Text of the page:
Finally, our analyses are based on respondents. While we have no data on non-response bias, it is reasonable to assume that those who chose not to participate in the voluntary STS are more likely to be older and that those who did respond are probably healthier than the general older population. While this may limit generalisability, it is likely that this subsample is of greater clinical interest as they are more likely to benefit from stopping smoking than frailer individuals with potentially more limited life expectancy.

Implications for research, policy and practice

It is unclear from our findings what proportion of smokers who were not offered interventions to stop smoking may have benefited from them and would have wished to consider these options. Clearly smokers are under no obligation to try and quit, but we suspect in some cases this may be due to not understanding the potential benefits or assuming there are none. Qualitative research could help to gain greater insight into why older patients and their GPs do not pursue smoking cessation, so that appropriate interventions can be designed to reduce inequitable access. For example, recent research has demonstrated that the use of targeted invitations to stop smoking services increased attendance in all age groups, including people aged 65+, with the relative benefits larger in this age band than younger groups.33 This supports our view that it may be easier to change behaviour in this group if motivated. Older adults need to be offered smoking cessation interventions that are acceptable, appropriate and available, even if they decide not to use them. With the recommissioning of smoking cessation services, there is an opportunity to ensure that currently underserved groups are supported in attempts to stop smoking or reducing their intake. Evaluative studies are required to determine the most cost-effective type, location and mode of delivery of these interventions to ensure that older smokers can also realise the health benefits of quitting into their 60s and beyond.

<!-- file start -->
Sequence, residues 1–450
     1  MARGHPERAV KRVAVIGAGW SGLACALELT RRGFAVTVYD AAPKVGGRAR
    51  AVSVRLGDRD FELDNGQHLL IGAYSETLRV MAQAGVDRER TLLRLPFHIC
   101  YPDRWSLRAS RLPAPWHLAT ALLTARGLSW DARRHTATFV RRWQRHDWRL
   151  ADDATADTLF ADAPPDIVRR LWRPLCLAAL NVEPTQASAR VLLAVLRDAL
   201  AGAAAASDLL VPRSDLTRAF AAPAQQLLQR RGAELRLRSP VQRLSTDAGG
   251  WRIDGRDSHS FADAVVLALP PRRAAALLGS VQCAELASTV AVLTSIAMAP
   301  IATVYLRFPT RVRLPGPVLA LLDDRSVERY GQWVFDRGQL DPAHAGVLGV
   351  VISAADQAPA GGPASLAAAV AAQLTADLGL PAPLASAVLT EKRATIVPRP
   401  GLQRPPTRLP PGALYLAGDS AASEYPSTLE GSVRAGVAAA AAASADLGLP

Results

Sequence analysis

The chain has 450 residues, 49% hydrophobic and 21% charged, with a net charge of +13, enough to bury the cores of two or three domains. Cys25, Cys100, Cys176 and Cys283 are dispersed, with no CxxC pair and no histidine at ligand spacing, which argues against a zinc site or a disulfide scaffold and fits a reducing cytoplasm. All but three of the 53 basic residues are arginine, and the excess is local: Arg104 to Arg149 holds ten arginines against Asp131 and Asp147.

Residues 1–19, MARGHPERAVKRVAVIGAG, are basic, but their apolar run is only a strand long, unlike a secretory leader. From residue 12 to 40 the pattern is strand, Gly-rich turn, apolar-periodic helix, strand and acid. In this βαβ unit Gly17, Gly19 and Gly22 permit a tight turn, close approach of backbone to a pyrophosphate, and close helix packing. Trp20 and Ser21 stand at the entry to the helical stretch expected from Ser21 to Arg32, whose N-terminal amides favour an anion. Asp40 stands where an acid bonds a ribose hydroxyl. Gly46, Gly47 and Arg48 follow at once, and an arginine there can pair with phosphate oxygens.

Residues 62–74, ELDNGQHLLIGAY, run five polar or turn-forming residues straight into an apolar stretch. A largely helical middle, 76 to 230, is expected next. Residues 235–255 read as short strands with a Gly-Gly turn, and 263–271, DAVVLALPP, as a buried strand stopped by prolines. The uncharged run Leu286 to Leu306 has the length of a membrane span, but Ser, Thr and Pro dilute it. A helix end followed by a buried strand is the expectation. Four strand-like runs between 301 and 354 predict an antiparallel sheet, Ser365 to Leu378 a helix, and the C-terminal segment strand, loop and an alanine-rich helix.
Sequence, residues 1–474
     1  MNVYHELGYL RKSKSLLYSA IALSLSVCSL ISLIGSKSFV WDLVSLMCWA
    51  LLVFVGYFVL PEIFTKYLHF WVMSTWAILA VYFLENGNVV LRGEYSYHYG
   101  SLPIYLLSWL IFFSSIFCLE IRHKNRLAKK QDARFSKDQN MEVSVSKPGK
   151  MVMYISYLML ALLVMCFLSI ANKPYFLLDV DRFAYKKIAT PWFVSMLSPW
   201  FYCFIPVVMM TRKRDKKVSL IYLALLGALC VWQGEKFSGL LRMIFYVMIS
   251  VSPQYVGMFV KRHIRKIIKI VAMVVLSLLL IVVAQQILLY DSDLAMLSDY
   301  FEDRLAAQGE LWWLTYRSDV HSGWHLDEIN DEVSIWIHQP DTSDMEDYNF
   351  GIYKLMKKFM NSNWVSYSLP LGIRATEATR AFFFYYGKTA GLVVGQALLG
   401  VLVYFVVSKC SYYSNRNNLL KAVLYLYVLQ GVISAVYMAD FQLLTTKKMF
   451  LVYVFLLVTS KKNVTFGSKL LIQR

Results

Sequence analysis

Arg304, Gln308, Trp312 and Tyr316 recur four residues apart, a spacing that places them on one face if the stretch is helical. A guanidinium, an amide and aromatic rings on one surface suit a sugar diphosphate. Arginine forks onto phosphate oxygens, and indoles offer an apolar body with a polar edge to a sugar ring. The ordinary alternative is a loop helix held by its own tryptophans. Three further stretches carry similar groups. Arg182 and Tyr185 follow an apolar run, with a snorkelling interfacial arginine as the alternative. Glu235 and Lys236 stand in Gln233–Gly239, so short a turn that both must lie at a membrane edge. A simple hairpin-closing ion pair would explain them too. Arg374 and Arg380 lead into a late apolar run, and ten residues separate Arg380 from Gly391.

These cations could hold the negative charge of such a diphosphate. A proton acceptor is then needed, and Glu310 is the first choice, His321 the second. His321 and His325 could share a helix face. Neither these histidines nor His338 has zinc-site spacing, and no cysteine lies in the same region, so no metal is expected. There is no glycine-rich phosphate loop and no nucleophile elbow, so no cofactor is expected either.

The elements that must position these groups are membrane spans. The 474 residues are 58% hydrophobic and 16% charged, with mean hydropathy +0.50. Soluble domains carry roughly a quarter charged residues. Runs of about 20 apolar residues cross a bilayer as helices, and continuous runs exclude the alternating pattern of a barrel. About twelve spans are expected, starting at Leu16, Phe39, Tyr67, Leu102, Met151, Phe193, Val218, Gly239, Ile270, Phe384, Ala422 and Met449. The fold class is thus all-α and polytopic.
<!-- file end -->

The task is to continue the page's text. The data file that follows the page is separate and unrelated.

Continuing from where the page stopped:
This large national study has demonstrated that older smokers report being less likely to quit or reduce consumption, although are less nicotine-dependent. Potential opportunities to facilitate cessation are being missed as older smokers report that GPs are less likely to offer interventions or specific advice, although this may reflect past patient preferences. Service provision should consider how best to reduce these variations, and a stronger effectiveness evidence base is required to support commissioning for this older population.


We thank Jamie Brown and Robert West of the Clinical, Educational and Health Psychology, Division of Psychology and Language Sciences, Faculty of Brain Sciences, University College London, for their support with accessing the Smoking Toolkit Study.


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  • Contributors The study was initially conceived and designed by YB-S, HJ and MH, with contributions from all authors. Data analysis was carried out by MH and YB-S. All authors contributed to drafting and critically revising the paper. All authors have approved the final version and are equally accountable for the work.

  • Funding The Smoking Toolkit Study is currently primarily funded by Cancer Research UK (C1417/A14135; C36048/A11654; C44576/A19501), and has previously also been funded by Pfizer, GlaxoSmithKline and the Department of Health. MW and JA are funded by the Centre for Diet and Activity Research (CEDAR), a UKCRC Public Health Research Centre of Excellence which is funded by the British Heart Foundation, Cancer Research UK, Economic and Social Research Council, Medical Research Council, the National Institute for Health Research, and the Wellcome Trust. This work was undertaken as part of the Ageing Well Programme, funded by the NIHR School for Public Health Research (SPHR). The views expressed are those of the author(s) and not necessarily those of the NHS, the NIHR or the Department of Health.

  • Competing interests None declared.

  • Ethics approval Ethical approval was granted to the STS, and the anonymised study data were used under licence.

  • Provenance and peer review Not commissioned; externally peer reviewed.

  • Data sharing statement The data that support these findings are available from the Smoking Toolkit Study. Restrictions apply to the availability of these data, which were used under licence for the current study, and so are not publicly available. Data are however available from the authors on reasonable request and with the permission of Robert West at